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Mardi Gras Food From Across the Globe

Pancakes

Pancakes

England

For many Protestants, Mardi Gras is known as Shrove Tuesday, the day before Ash Wednesday, the official beginning of Lent. As a solemn religious period, Lent traditionally incorporates periods of fasting during its 40 days. The Shrove Tuesday tradition of pancake-making, therefore, was an easy way for households to get rid of their dairy and sugar before fasting began. Today, pancake races are commonly held throughout England in celebration of the holiday.

(image via urbanmixer, CC)

Blini

Blini

Russia

Russia takes the Protestant pancake tradition and puts its own spin on it. The Orthodox festival of Maslenitsa is characterized by the eating of blini, a cake more similar to crêpes than American pancakes. Their utility is even more useful than pancakes—they can be stuff with meat, fish, or cream, using up even more off-limits ingredients than their U.K. counterparts. For a full week before Lent, folk festivals create numerous variations to be eaten by thousands of hungry Russian customers.

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Fastelavnsboller

Fastelavnsboller

Denmark

Fastelavn is the Luthern term for the Carnival season. The season focuses mostly on parades and children's activities, but there's one activity that Danes of all ages can participate in: the eating of Fastelavnsboller. These puffy sweet buns are either coated in icing or sliced opened and filled with cream. You can't enter a Danish bakery between Christmas and Easter without catching a glimpse of these tasty treats.

(image via cyclonebill, CC)

Feijoada

Feijoada

Brazil

With all the dancing involved in Brazil's Carnival celebrations, it's no wonder that participants would need a hearty meal to gain back their energy. Feijoada, a thick stew of meat (usually beef or pork) and beans, is the national dish of Brazil and is eaten all throughout the year. What makes it especially popular during the Carnival season is that the Lenten ban on meat means this is the last chance Brazilians will have to feast on their favorite dish until Easter.

(image via obvio171, CC)

Frittelle

Frittelle

Italy

Venice's unique Carnival also has unique doughnuts. These fried pastries can be plain, stuffed with cream or hazelnut chocolate fillings, or even baked with nuts or fruit incorporated into the batter. Visitors better get them while they can; once the season is over, these tasty treats won't reappear until next Carnival.

(image via paolozzo, CC)

Bugnes

Bugnes

France

Also known as "angel wings," this fried concoction is similar to funnel cake, though these strips of dough are not interconnected. Popularized in Lyon, the original bugnes actually have their roots within the season of Lent as a way to make "treats" during the fasting period. These older recipes (consisting of only flour, salt, and water) have given way to the more popular sweet treats that are commonly found today during Carnival.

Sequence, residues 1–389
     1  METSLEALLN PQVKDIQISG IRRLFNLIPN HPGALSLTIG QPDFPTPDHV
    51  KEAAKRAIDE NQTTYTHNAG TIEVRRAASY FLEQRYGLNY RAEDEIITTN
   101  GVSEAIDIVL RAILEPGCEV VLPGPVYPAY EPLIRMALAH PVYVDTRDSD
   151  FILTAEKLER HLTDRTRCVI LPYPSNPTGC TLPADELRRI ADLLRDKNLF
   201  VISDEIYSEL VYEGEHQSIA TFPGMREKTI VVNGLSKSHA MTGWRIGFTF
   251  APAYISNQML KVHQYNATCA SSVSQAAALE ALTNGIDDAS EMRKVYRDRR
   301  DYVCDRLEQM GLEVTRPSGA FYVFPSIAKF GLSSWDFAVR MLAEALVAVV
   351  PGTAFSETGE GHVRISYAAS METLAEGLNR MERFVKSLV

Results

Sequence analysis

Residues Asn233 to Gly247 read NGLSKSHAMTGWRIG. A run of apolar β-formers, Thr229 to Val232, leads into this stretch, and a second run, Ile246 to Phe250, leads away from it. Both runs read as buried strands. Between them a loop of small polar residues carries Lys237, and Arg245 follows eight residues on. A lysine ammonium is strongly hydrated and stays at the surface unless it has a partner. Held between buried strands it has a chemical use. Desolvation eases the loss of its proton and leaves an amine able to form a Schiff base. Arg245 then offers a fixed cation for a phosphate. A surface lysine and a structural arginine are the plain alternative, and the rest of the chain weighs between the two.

(image via buari, CC)

King Cake

King Cake

United States

Most popular along the Gulf Coast of the United States, king cake traces its history back to French cakes celebrating Epiphany, the arrival of the 3 wise men visiting the baby Jesus. The American Mardi Gras version is traditionally a light, crusty roll covered in purple, green, and gold frosting while being stuffed with cream cheese or cinnamon filling. The lucky person who finds a small baby figurine in his or her slice of cake is then responsible for bringing the next king cake.

Oranges

Oranges

Belgium

Unlike the other foods on this list, oranges aren't necessarily chosen for their tasty appeal. The large carnival celebrations in the city of Binche, Belgium, feature Gilles, men with extravagantly plumed hats who wander the streets and throw oranges, symbolizing good luck, into the crowd. Practice your hand-eye coordination before you go, and keep your head up. These throws are a bit more painful than beads.

(image via maese, CC)

Paczki

Paczki

Poland

The Polish tradition of Paczki Day is celebrated on the Thursday before Ash Wednesday. Similar to a dense jelly doughnut, these Polish pastries are filled with fruit filling and are a way of using up the dairy and sugar before the arrival of Lent. Americans can get their paczki fix in the heavily Polish communities around Detroit and Chicago. Lines of people, hoping to grab one or two of these rich concoctions, stretch for blocks around small bakeries.

Prinjolata

Prinjolata

Malta

By far, Malta has the best Carnival dessert. Basically, every amazingly sweet treat is compiled into a single cake: sponge, cream, chocolate, pine nuts, cherries, condensed milk, and citrus zest. There's even an adult version made with vermouth. If the normal size is too decadent for you, try a personal-sized dome of sugary goodness.

(image via charleneb96)